With 800 remaining, only Infeld clung on to Huddle as Hall trailed, another 20 meters back. At the bell, Huddle had a 3 step lead over the world champion bronze medalist as the Notre Dame grad continued the pressure. Huddle simply pulled away - covering the final circuit in 68.7 to conclude a 2:56 final kilo - to cross the line in 31:41.62. Infeld -absolutely spent - crossed 2nd in 31:46.09 while former Longhorn star Hall took 3rd [31:54.77] to grab the third and final berth on Team USA women's 10,000 meter Olympic squad.

Afterwards, Huddle - tired, but happy - reflected on the race's end game. "With a lap to go, I just put everything I had into it. I just tried to stay calm," the new champion said. "I know it wasn't a fast time. I just wanted to make sure that I didn't take any risks." She also offered insight on her bold move to grab the lead from the gun. "I wanted it [the race] to be a little faster. I just wanted to stay out of trouble in the front there. But it can be hard and lonely in the front when there is no one next to you. I thought if I couldn't break away in the first 5K, then I would wait until the last 1200. That's just kind of what happened."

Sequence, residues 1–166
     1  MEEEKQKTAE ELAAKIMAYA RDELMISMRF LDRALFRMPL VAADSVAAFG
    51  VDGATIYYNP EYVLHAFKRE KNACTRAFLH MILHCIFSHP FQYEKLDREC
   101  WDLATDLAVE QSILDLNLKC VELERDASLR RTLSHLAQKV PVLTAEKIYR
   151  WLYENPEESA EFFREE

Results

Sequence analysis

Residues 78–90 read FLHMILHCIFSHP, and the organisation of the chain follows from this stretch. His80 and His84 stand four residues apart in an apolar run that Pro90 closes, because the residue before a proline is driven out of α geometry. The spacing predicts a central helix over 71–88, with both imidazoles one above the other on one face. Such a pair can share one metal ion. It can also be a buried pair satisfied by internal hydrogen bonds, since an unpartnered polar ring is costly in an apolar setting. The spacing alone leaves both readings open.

A veteran of national championships and global gatherings, Huddle knows how to manage pressure on the big stage: "This is just such a spastical year. This meet is enormous. And the pressure can feel enormous," she admitted. "So I'm just trying to not have an out-of-body experience on the track," laughs Huddle. "I've learned to just tune that out and pretend it's any other race."

Huddle - who currently plans to compete at 5000 meters later at these Trials - downplayed any attempt to attach special significance to her last lap battle with Infeld. "I tried to just stay on the inside. As long as I was in the top three, I knew that took a lot of stress off of me," Huddle declared. "I thought if Emily passes me, she passes me. I know she's been injured, so I am glad that she made the team. I know she is thrilled with that. She's really tough."

A 2012 Olympian at 5000 meters, the new champion was asked about her versatility in making the '16 Olympic team at 10,000 meters. "It's cool to be able to move up. Maybe next time I'll try the marathon. I think it would be cool just to have a taste of everything." responded a serious Huddle with just a hint of playfulness. Those who have witnessed the extraordinary poise and strength Molly Huddle has exhibited in the past year know she could do it.

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Dave Hunter

Dave HunterDave Hunter is a track & field journalist, announcer, and broadcaster.  Dave reports on the premier track & field gatherings around the globe, frequently serves as an arena or stadium announcer for championship events, and has undertaken foreign and domestic broadcast assignments in the sport.